Study at NUI Galway
The grading system used in many Irish (and British) universities can sometimes be confusing for international students.
Firstly, Irish universities traditionally use a verbal grading system to classify overall degree results, rather than a GPA. A high achieving student might for example graduate with a degree with first class honours (“a first”) based on their average marks (grades).
The second main difference is that universities here traditionally grade work between about 40% (pass) and 70%-75% (excellent). Only a relatively small proportion of students in a class are awarded a mark of over 70%, particularly in disciplines such as the Arts, Humanities and Social Sciences.
This is quite different to universities in the USA and other countries that follow the US system, where work is generally graded between 60% (pass) – 100%. A student from the US for example, who is accustomed to receiving A grades, may therefore get a mark…
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Following on from our post last month about some of the lesser known buildings and features dotted around the NUI Galway campus, a few more hidden gems were brought to our attention…
St Anthony’s Chapel
St Anthony’s Chapel, Lecture Theatre
The St Anthony’s building, which now forms part of the J.E. Cairnes School of Business & Economics, was purchased by NUI Galway in 1991. The building was previously owned by the Franciscan Order and includes a chapel which was renovated into a modern lecture theatre.
Next to the Bialann student restaurant is the remains of an 18th century Dovecote, or pigeon house, which was once part of the old Belmont estate.
University Art Gallery, Quadrangle
The University Art Gallery is located in the Quadrangle Building and hosts a variety of exhibitions throughout the year.
National Computer and Communications Museum
The National Computer and Communications Museum is located in the Digital Enterprise Research Institute (DERI). The museum provides a fascinating insight into the development of communications from ancient hieroglyphics to today’s Internet, including the iconic 1984 Macintosh.
George Johnstone Stoney Plaque
George Johnstone Stoney
In the Arts/Science building, next to the Joseph Larmor lecture theatre, is a plaque commemorating George Johnstone Stoney (1826-1911), an educationalist and a physicist who originated the term ‘electron’ who was Professor of Physics at Galway from 1852 to 1857.
The Irish landscape is dotted with the ruins of castles, fortified houses, tower houses and and Galway in particular is home to many of the finest examples of these medieval antiquities in various states of (dis)repair.
Thoor Ballylee Castle
Thoor Ballylee near the village of Gort in Co. Galway dates from the 13th century and was once the home of the celebrated Irish poet, W.B. Yeats.
Menlo Castle was built in the 16th century and sits on the banks of the River Corrib, opposite the National University of Ireland, Galway sports grounds.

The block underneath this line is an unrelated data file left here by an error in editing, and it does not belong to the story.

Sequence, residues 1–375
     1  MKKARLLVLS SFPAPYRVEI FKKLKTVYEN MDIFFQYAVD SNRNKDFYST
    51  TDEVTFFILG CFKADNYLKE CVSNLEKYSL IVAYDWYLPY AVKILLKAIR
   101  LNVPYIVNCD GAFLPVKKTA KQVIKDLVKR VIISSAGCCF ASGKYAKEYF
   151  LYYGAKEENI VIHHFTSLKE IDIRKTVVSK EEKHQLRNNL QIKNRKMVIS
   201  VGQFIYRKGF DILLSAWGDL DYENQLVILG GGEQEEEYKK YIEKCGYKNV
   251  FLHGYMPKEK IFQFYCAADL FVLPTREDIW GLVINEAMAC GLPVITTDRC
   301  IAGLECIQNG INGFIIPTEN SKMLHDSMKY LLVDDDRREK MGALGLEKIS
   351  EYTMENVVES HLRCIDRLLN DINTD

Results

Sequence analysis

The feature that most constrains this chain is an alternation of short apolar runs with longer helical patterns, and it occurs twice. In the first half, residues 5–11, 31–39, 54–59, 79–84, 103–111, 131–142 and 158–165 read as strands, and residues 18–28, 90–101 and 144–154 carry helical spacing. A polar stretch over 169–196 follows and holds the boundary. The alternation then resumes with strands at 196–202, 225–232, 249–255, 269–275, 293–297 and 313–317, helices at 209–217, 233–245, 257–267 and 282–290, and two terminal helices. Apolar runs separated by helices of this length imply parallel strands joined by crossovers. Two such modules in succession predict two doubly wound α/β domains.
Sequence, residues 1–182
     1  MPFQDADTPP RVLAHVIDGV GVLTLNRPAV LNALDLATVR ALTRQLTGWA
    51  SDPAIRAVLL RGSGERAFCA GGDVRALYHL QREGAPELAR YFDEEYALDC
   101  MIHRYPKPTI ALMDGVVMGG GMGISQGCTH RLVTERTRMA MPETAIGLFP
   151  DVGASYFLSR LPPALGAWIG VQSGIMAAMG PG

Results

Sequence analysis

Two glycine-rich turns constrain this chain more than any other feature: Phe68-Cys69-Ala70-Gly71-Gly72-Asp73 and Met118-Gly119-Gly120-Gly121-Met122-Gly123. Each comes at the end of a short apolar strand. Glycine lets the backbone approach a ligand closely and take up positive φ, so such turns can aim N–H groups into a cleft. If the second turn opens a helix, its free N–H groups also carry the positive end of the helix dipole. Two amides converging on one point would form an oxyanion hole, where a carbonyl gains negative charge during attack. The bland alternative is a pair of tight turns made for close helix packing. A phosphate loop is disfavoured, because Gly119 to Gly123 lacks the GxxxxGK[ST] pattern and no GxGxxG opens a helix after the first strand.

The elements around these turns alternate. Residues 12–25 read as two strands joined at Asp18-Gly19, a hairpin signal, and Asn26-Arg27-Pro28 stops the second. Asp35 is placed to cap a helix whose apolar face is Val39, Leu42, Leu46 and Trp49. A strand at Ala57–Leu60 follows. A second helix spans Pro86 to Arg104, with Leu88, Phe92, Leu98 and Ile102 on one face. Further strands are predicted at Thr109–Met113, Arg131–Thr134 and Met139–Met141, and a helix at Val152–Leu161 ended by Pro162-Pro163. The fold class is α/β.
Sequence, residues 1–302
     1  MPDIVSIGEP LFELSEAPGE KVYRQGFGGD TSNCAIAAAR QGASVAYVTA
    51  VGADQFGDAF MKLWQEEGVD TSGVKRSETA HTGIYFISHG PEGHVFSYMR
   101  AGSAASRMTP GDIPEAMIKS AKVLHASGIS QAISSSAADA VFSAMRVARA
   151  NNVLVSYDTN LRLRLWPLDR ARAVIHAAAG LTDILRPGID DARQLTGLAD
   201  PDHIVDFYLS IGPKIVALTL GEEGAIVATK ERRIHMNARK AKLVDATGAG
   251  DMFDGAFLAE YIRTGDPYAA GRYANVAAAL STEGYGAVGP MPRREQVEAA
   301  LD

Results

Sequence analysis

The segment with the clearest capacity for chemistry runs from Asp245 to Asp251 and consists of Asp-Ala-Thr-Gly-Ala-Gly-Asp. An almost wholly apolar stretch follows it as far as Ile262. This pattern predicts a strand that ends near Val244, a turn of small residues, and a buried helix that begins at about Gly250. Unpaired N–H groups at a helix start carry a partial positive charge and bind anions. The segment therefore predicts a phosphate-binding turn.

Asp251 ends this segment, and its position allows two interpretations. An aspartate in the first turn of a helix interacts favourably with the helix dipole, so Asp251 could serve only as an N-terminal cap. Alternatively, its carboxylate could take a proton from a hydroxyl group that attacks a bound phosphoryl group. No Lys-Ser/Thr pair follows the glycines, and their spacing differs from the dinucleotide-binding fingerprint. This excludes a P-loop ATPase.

Ashford Castle sits on the Galway-Mayo border near the village of Cong. Dating from the 13th century, the castle is now a famous 5 star hotel.
Lynches Castle stands proudly on Shop Street in the city of Galway as a fine example of a medieval town house. The current structure was built in the 16th century and was once the home of the powerful Lynch family – one the famous ‘tribes’ of Galway.
Ballynahinch Castle, near Clifden Co. Galway, traces its origins back over 700 years ago to the days of the feared O’Flaherty clan. The castle passed hands many times over its history and in the 1920s was purchased by His Highness the Maharaja Jam Sahib of Nawanagar, India – widely regarded as one of the finest cricket players of all time.
Siobhan Allaeddini from California and Siobhan Keenan from New Jersey, USA have been selected as Student Ambassadors for National University of Ireland, Galway.
L-R: Secretary General – Seán O Foghlú, Siobhan Allaeddini from California representing National University Galway, Gill Roe – Manager Education in Ireland.
A new initiative by Education in Ireland, the Student Ambassador Programme is aimed at raising awareness of the quality of Irish degree and Study Abroad programmes, while also assisting and encouraging interested students as they embark on their applications.
Ireland is a popular destination for American students – the ninth most popular destination in the world, which is not bad for a country the size of South Carolina!
L-R: Secretary General – Seán O Foghlú, Siobhan Keenan from New Jersey representing National University of Ireland Galway, Gill Roe – Manager Education in Ireland.
The current batch of Student Ambassadors come from 16 States in the US and represent all seven Irish universities. Throughout the academic year, the Student Ambassadors share their experience and insights of life as a student in Ireland through blogs, articles and video posts – connecting prospective American students and their families with those already studying in Ireland. When these students return home they will from time to time work with Education in Ireland and the Irish universities at promotional events in their area.
Education in Ireland is a government initiative aimed at promoting Irish higher education and English language schools overseas. To check out the blog and learn more about Education in Ireland’s outreach to US high schools and universities, please visit http://blog.educationinireland.com/ or Education in Ireland USA on Facebook.
We’re looking to recruit more international students ambassadors, from countries all over the world, so if you are a current international student at NUI Galway and would like to find out more about the ambassador programme, please email email@example.com